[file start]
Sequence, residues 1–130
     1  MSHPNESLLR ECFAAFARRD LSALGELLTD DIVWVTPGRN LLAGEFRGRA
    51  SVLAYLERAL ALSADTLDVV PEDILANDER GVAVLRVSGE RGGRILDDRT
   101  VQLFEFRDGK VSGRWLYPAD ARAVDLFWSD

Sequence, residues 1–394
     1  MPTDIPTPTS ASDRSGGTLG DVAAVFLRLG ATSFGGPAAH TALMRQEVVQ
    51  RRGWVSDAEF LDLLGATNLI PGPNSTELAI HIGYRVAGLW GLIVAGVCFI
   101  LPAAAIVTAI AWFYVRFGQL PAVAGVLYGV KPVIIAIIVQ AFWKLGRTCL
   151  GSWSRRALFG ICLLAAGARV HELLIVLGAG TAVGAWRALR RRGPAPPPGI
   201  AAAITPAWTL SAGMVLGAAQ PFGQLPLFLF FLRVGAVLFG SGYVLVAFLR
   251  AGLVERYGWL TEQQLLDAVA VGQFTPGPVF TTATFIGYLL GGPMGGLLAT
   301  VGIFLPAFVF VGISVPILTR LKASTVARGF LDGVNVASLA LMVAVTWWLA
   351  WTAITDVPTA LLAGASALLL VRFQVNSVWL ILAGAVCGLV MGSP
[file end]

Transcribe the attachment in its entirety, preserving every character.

Sequence, residues 1–130
     1  MSHPNESLLR ECFAAFARRD LSALGELLTD DIVWVTPGRN LLAGEFRGRA
    51  SVLAYLERAL ALSADTLDVV PEDILANDER GVAVLRVSGE RGGRILDDRT
   101  VQLFEFRDGK VSGRWLYPAD ARAVDLFWSD

Sequence, residues 1–394
     1  MPTDIPTPTS ASDRSGGTLG DVAAVFLRLG ATSFGGPAAH TALMRQEVVQ
    51  RRGWVSDAEF LDLLGATNLI PGPNSTELAI HIGYRVAGLW GLIVAGVCFI
   101  LPAAAIVTAI AWFYVRFGQL PAVAGVLYGV KPVIIAIIVQ AFWKLGRTCL
   151  GSWSRRALFG ICLLAAGARV HELLIVLGAG TAVGAWRALR RRGPAPPPGI
   201  AAAITPAWTL SAGMVLGAAQ PFGQLPLFLF FLRVGAVLFG SGYVLVAFLR
   251  AGLVERYGWL TEQQLLDAVA VGQFTPGPVF TTATFIGYLL GGPMGGLLAT
   301  VGIFLPAFVF VGISVPILTR LKASTVARGF LDGVNVASLA LMVAVTWWLA
   351  WTAITDVPTA LLAGASALLL VRFQVNSVWL ILAGAVCGLV MGSP